UNDP Eswatini Resident Representative, Ms. Rose Ssebatindira (far right), and other guests watch a group of young boys perform the Swati cultural dance, Sibhaca.

By Mantoe Phakathi

The commemoration of World Tourism Day (WTD) uncovered a hidden gem situated at Sidvokodvo in the outskirts of Manzini, Eswatini’s commercial capital.

Project Canaan, which sits on a 1000-hectare farm boasting of field crops, orchards, hydroponics, aquaponics, vermiculture, apiculture dairy farming, poultry and goat farming, feeds 3 500 orphans and vulnerable children in 30 rural churches. Moreover, the project provides safe and loving homes for over 280 orphans and abandoned babies until they are 18 years old.

As a result, according to Mr. Ian Maxwell the Director of Project Canaan, the initiative has become a tourist destination offering international volunteers an opportunity to visit and experience the four specific areas of interest: Hunger, Orphans, Poverty, and Education.

“Tourism generates income and awareness to help us become self-sustainable,” said Mr. Maxwell.

In line with WTD2021 theme – Tourism for Inclusive Growth – the project’s Khutsala Artisans provides job opportunities for adults, youth, men and women, and persons with disabilities.

“The products they produce are available in our gift shop and the proceeds provide funding for the OVCs in our care,” said Mr. Maxwell.

Project Canaan represents tourism that promotes inclusive growth in that, according to the UN World Tourism Organization (UNWTO), “look beyond tourism statistics and acknowledge that, behind every number, there is a person”.

It is for that reason that the Government of the Kingdom of Eswatini through Eswatini Tourism Authority (ETA) chose to commemorate WTD2021 at Project Canaan at an event attended by the UNDP Resident Representative, Ms. Rose Ssebatindira, the Indian High Commissioner, Ms. Radha Venkataraman, and the Minister of Tourism and Environmental Affairs, Hon. Moses Vilakati, among other dignitaries.

Speaking at the event, Ms. Ssebatindira paid tribute to Project Canaan saying they have demonstrated that opportunities exist for strengthening inclusiveness through the integration of smallholder farmers, especially women farmers in the tourism value chain.

“Connecting this project to tourism enterprises – such as through vegetable supplies to restaurants, lodges and camps could go a long way in integrating the vulnerable into the tourism sector through sustainable agriculture and skilling of young people,” she said.

While acknowledging the impact of COVID-19 on Eswatini tourism sector which she said caused a 50% decline in 2020 and a 27.08% drop in employment creation in the same year,

Ms. Ssebatindira said the pandemic presents exciting opportunities and challenges to countries and the sector, in general, to adapt and innovate, including the likelihood that travellers will be willing to pay more to reduce covid-19 exposure.

“Further, there’s noted growth of domestic tourism throughout the world including here in Eswatini, thanks to initiatives such as the Vakasha Eswatini Campaign,” she said.

She further reiterated UNDP’s continued support to the Government of the Kingdom of Eswatini to ensure inclusive tourism sector recovery and growth that is safe, equitable and one that generates economic opportunities for the most vulnerable populations.

Some of the ongoing UNDP-supported initiatives in Eswatini include;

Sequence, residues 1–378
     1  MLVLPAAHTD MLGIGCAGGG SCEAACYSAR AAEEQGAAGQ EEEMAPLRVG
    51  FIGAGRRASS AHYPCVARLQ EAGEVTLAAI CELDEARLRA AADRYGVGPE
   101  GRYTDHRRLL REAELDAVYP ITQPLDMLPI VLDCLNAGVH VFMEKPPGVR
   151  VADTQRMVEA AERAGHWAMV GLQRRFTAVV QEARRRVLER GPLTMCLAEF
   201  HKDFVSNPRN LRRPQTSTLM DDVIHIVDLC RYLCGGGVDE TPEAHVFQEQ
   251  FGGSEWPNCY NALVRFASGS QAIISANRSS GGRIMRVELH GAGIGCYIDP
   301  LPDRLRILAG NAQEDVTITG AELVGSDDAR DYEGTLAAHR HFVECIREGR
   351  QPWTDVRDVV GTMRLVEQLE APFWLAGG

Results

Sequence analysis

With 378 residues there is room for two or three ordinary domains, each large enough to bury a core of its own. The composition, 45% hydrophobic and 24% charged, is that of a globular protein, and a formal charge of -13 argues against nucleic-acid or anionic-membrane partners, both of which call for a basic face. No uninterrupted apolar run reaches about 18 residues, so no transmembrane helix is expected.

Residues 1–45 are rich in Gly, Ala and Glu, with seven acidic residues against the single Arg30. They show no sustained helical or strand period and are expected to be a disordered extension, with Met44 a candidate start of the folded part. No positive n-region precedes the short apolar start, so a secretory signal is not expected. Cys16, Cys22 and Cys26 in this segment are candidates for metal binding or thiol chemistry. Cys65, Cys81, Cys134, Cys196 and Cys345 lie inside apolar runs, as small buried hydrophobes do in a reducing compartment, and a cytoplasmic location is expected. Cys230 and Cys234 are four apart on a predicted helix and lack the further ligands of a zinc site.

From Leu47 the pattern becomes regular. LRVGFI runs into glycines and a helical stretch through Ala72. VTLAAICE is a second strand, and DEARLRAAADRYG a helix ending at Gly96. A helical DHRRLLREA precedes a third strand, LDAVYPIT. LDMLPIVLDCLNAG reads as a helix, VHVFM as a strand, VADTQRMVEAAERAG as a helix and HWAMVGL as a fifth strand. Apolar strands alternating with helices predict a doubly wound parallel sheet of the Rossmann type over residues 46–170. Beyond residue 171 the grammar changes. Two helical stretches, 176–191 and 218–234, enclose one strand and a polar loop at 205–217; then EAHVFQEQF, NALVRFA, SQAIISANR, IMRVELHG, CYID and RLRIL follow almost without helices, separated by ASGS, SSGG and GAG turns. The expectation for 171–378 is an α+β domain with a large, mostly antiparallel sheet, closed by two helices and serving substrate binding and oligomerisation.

·      Connecting community tourism enterprises to the internet thus improving connectivity with the global market.

·      Improving and upgrading tourism infrastructure in 5 protected areas and 5 community tourism enterprises.

·      Build capacity of communities in managing and providing quality cultural tourism experiences to increase tourism expenditure and improve experiences. 

“I am pleased to note that these investments in community tourism infrastructure have resulted in an increased area under effective conservation measures and protection – this is our natural and cultural heritage,” said Ms. Ssebatindira.

She advocated for the promotion of community tourism facilities such as Khelekhele Community Eco-lodge, which she visited ahead of the commemoration, for the benefit of communities.

Addressing the same gathering, the chairperson of the Hospitality and Tourism Association of Eswatini (HOATES), Mr. Marc Ward, called upon the government to open the borders for vaccinated tourists to ensure that the industry gets back on its feet.

“Once a  tourist is proven to be vaccinated, there should be no need for a PCR Certificate,” said Ward, adding: “We were the first African country with the travel safe stamp during this COVID era. Why can’t we be the first country to drop PCR certificate for vaccinated travellers?” he wondered.

His message seems to have resonated with the Hon. Vilakati. He said it was encouraging to see emaSwati respond swiftly and positively to the vaccination roll-out as the country is fast approaching the 20% mark in the number of vaccinated people.

“This, coupled with the Safe Travels Stamp that was awarded to the country for adhering to all COVID-19 safety protocol, affirms that indeed Eswatini is open for business and ready to welcome vaccinated tourists,” he said. 

He said this proved true over the weekend as the country welcomed the first group of international tourists since the outbreak of the COVID-19.

“We are pleased to have hosted the 30 French tourists who immersed themselves in the wonders of our vibrant Kingdom,” he said.

Hon. Vilakati also said the government is delighted to be counted amongst the safest countries in the world and was looking forward to welcoming more international visitors in the near future.

 

 

 

 

 

 

 

   

 

 

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